Upon her return to New Haven, Pratt found a space to reflect in the Marsh Botanical Garden, an eight-acre plot of land owned by Yale University. There, she met Eric Larson, a Yale employee who managed the garden. When Larson heard the story of her son, he directed her to the Urban Resources Initiative, a local nonprofit affiliated with the Yale School of the Environment where Pratt was offered the opportunity to plant a tree in Gary’s honor. “A tree?” Pratt recalls thinking. “I don’t want something small. I want something for every mother that has lost a child in this city — a place that is beautiful, where they can grieve.” At a support group for survivors of homicide, she met three other mothers: Pamela Jaynes, Celeste Robinson-Fulcher, and Winifred Phillips-Cue. Each of them had lost a child to gun violence, and each jumped at the opportunity to get involved in Pratt’s effort to build something beautiful.
Over the course of two years, city approvals fell slowly into place and an idea became manifest. The city committed in-kind resources and raised funds from the state. Gifts from a graduate of the Yale School of the Environment, Jackie Fouse, and Dalio Philanthropies provided Urban Resources Initiative matching funds needed to carry out the project. Architectural firm Svigals + Partners designed the garden. Volunteers lent time and labor. Ground was broken on May 20 of 2019, on the 21st anniversary of the day Pratt learned her son had been killed.
Though unfinished, the garden opened to families this past November. Mothers and fathers and siblings and relatives who had lost someone to gun violence were given tours led by Pratt, Jaynes, and Robinson-Fulcher. (Phillips-Cue died during the garden’s construction.) A father who had not attended his son’s funeral, the emotion too raw at the time, came through and opened himself to grief. A sister whose brother’s ashes had been scattered into the waters of Long Island Sound visited and said her brother no longer felt forgotten.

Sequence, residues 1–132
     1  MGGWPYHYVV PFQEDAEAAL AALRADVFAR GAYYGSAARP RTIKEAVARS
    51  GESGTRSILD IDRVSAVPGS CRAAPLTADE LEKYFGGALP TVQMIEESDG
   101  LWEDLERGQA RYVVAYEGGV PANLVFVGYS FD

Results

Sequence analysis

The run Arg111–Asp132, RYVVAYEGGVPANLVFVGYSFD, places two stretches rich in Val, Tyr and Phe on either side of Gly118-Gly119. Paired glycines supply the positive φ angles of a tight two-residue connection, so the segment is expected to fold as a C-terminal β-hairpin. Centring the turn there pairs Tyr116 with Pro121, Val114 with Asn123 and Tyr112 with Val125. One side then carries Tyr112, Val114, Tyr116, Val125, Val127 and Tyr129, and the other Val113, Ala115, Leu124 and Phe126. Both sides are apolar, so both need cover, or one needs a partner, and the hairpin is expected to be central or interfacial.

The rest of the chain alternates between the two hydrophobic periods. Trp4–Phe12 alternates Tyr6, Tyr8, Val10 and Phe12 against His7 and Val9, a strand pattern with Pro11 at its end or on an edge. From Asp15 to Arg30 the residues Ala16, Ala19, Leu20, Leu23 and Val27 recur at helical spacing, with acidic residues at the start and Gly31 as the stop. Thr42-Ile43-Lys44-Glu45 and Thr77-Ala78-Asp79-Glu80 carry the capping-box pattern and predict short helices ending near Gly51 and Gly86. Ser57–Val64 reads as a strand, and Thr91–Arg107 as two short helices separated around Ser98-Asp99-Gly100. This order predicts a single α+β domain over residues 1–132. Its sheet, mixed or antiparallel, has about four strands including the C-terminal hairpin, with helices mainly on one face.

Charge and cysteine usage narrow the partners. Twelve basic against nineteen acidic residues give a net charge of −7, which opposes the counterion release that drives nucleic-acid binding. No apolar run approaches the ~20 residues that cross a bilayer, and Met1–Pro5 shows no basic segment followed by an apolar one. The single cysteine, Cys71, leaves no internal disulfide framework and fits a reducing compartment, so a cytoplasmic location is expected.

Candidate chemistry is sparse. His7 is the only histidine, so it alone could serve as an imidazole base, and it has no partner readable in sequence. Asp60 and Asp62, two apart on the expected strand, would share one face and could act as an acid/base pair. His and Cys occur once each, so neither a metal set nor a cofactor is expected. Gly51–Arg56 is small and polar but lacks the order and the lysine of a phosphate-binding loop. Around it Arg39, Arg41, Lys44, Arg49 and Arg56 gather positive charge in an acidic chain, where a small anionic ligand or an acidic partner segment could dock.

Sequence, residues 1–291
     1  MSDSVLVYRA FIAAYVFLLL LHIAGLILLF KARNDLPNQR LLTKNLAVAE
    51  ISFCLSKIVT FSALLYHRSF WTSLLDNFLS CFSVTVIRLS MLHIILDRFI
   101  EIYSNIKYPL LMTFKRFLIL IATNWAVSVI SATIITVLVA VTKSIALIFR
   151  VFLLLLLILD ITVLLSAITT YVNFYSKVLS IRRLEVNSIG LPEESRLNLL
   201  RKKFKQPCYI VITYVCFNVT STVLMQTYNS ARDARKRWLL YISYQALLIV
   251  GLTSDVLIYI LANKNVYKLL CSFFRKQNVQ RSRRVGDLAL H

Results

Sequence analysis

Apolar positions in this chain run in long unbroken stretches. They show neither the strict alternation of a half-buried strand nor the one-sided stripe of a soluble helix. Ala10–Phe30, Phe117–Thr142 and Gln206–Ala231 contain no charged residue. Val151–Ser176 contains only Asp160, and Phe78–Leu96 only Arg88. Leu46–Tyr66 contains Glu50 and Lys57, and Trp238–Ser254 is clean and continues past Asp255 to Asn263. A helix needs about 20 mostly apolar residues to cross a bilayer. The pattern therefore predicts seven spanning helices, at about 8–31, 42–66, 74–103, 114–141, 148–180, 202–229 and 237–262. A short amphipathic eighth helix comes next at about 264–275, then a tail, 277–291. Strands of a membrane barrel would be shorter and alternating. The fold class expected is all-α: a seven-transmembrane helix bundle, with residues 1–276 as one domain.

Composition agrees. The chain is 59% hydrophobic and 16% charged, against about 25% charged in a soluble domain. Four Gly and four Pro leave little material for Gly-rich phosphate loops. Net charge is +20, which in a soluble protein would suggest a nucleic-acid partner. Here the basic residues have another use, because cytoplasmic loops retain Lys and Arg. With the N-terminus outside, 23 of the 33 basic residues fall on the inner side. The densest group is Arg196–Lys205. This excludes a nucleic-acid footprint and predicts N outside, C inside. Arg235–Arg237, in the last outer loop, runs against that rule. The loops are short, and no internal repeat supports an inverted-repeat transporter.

The garden rolls out from a low, grassy berm. At its entrance, a series of chimes ring in the wind. A pathway of engraved bricks, segmented by year and starting in 1976, catalogs the names and ages of those killed by gun violence in the city. Centered in the garden is a statue of a family, composed of metal slats. The image separates and dissolves as you walk past, then again takes shape as the walkway ends at a Tree of Life planted in the center of a circular plaza. There is a set of benches, too, envisioned as an outdoor classroom.
Pratt dreams about bringing young students to the garden, says Jaynes. “She wants to strike a chord that will turn them around if someone is trying to lead them in the wrong direction.” To this end, Pratt has been developing a curriculum and mentorship program that targets middle schoolers.
More broadly, the garden, which opened last week, is designed to spark conversation and action around the crisis of gun violence afflicting cities across the United States. Pratt wants visitors to enjoy the garden’s tranquility, but she also wants visitors, especially those who have not lost a child to gun violence, to be deeply unsettled by the walkway of names, most of them young men. She wants people to join the search for solutions.
Robinson-Fulcher, too, spoke to the role of the garden in creating change. She hopes that the garden will force communities across New Haven to confront the magnitude of the crisis. “This is a huge problem — I know from personal experience — and people really need to start talking about it,” she says. “I want to be heard. I hope somebody hears.”
Justin Elicker, the mayor of New Haven and father of two, described work on gun violence as the issue he has “struggled most with despite everything we faced in the past year and a half.” Because it is intertwined with larger, systemic problems of poverty, generational disinvestment, and racial inequities, it is going to take time. The urgent question is how much time. “How are we going to make this walkway, covered in names, as short as possible?”
As of the publication of this article, New Haven has recorded 15 homicides since January 1, 2021 — 15 more bricks engraved with names and dates and set into the soil at the walkway’s far end.